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"Lehua" is the first of a trilogy that traces the life of a young ali'i [noble] woman who comes of age in 1819 when Hawaiian Queen Ka'ahumanu "lifts the kapu"-- effectively destroying the traditional Hawaiian religion--in favor of Christianity. Lehualiakahuamalioakalanipa'akalole (Lehua, the shiny haired questioner of the secrets), the fictitious young noblewoman of the story, sees that the ali'i, as a class, are being subverted by haole [outsider] wiles and whiskey and that kahuna [heditary priests] are rushing to protect their own interests. Thus she takes as her kuleana [responsibility] the task of leading the common Kanaka [natives] along the narrow path between pono [righteousness] and preachers. In Book One we see her struggle to convince her near-throne 'ohana [family] of the ramifications of the queen's actions. And we see her fall in love with a Hawaiian/Chinese paniolo [cowboy]--a harbinger of the series of external forces that will impact the Islands in the ensuing eighty years...ending with U. S. annexation of the Hawai'i Kingdom. Lehua is causing much hu hu [fuss] in her ohana because she quickly understands and embraces the Queen's edict, but is just as quick to realize the searing changes that it will bring to the entire Kanaka cultural framework...and the ensuing grief. The family, fearing for her and the entire ohana safety in the post-edict turmoil, bundles Lehua, an ardent student of hula, off to the renowned hula halau [school] at the foot of Goddess Laka's heiau [temple] at Ke'e, Kauai. There, she inadvertently becomes involved in Island political intrigue and narrowly escapes a kidnapping attempt when rescued by Tong Ah Tim. This California paniolo, brought to the Islands to train kane [men]to herd cattle, makes their escape a 19th c. Hawaiian road trip up and over the top of Mt. Waialeale--during which they fall in love. Book two, begins with their ranch life on Molokai--Island of Sorcery--and chronicles her straddling of the divergent cultures in her efforts to malama [save] pono.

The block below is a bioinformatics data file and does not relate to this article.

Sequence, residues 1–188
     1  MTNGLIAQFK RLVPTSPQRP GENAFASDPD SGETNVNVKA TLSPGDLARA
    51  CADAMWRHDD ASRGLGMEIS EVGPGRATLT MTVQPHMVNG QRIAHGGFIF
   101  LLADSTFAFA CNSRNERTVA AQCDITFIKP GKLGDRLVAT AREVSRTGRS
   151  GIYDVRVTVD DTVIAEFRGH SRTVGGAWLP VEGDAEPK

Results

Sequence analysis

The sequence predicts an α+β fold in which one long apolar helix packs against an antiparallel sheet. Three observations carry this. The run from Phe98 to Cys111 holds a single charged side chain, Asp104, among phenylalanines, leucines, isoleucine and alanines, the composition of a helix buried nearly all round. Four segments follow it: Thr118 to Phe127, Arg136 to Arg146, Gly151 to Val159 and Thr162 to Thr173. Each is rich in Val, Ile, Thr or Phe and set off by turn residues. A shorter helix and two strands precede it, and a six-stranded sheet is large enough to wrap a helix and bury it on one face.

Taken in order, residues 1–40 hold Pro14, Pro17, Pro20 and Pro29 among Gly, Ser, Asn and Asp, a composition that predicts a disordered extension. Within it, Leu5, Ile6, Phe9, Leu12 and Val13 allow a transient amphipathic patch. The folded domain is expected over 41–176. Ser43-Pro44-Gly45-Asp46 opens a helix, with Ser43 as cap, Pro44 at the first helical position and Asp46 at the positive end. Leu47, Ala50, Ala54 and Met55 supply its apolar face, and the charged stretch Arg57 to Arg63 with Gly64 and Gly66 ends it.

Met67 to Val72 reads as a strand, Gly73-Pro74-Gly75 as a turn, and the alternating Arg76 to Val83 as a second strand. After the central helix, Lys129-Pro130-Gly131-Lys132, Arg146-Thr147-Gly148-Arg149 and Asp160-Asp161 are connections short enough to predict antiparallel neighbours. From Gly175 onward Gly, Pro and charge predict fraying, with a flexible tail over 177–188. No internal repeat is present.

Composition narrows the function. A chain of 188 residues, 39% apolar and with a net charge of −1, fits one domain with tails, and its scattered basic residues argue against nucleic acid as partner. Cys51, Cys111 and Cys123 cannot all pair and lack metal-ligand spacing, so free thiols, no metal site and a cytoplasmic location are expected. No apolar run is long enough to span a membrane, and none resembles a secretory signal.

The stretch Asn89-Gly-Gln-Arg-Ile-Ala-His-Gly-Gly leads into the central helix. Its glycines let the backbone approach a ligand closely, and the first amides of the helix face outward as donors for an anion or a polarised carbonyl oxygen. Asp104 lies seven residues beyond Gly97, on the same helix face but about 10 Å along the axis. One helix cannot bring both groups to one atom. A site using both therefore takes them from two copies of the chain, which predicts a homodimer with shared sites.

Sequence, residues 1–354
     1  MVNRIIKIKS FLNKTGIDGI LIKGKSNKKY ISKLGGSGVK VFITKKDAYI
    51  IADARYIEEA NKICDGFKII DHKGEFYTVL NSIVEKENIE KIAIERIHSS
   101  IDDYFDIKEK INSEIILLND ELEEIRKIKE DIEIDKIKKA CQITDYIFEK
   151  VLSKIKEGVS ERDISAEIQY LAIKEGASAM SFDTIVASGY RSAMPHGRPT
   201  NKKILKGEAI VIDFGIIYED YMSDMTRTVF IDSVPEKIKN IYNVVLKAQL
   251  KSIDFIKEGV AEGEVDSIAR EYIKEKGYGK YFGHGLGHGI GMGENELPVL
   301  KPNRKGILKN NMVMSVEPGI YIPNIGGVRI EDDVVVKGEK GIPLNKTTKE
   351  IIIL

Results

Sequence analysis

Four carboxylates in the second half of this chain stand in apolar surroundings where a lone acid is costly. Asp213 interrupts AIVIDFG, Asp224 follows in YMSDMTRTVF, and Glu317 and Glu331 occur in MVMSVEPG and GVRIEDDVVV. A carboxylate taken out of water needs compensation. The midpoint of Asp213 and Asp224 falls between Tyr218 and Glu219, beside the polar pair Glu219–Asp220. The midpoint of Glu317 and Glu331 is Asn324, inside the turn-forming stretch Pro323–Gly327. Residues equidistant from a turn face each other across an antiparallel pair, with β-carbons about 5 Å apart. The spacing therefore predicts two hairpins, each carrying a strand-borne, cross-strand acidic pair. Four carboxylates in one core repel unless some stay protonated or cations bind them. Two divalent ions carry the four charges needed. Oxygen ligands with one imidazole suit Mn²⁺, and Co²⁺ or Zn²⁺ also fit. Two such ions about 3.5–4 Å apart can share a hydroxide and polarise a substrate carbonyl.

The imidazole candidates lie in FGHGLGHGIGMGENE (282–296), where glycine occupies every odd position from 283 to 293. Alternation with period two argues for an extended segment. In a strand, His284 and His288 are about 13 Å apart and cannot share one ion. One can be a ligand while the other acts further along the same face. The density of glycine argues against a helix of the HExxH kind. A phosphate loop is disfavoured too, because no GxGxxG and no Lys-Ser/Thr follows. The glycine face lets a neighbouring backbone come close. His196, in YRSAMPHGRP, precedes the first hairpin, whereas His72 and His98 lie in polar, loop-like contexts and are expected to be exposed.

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After serving as an Air Intelligence Officer in the Navy during the run up of General MacArthur’s aborted plan to invade China, Mr. Parola married Shirley Tong, and began to pursue an academic career at U.H. Manoa, Indiana University and University of Michigan-Flint. He and Mrs. Parola ended their careers at Koç University in Istanbul, Turkey after he had taught for the Ministry of Defense, Kingdom of Saudi Arabia for several years. Traveling extensively in the Middle East during that time has given him a perspective that makes rich reading in his three collections of short stories. It also makes settings for his mystery novels* as authentic as possible. Upon receiving the First Prize in an international competition for Mrs. Parola’s Memoir, “Remembering Diamond Head, Remembering Hawaii”, the couple returned to Honolulu to continue research and writing about things Hawaiian. Mr. Parola is the author of the short story, “The Bone House” in Bamboo Ridge Press, Journal of Hawai’i Literature and Arts. His “Portraits of a Young Artist in Istanbul” from his collection The Little American Blonde, won an Editor’s Choice Award from Author Stand. Mr. Parola has also published another mystery and a book on hurricane preparedness for yachtsmen. “Lehua”, is the first book of a trilogy that has kept Mr. Parola in research for most of ten years. The author may be contacted at firstname.lastname@example.org *See “Old Sins, New Sinners” at geneparola.com
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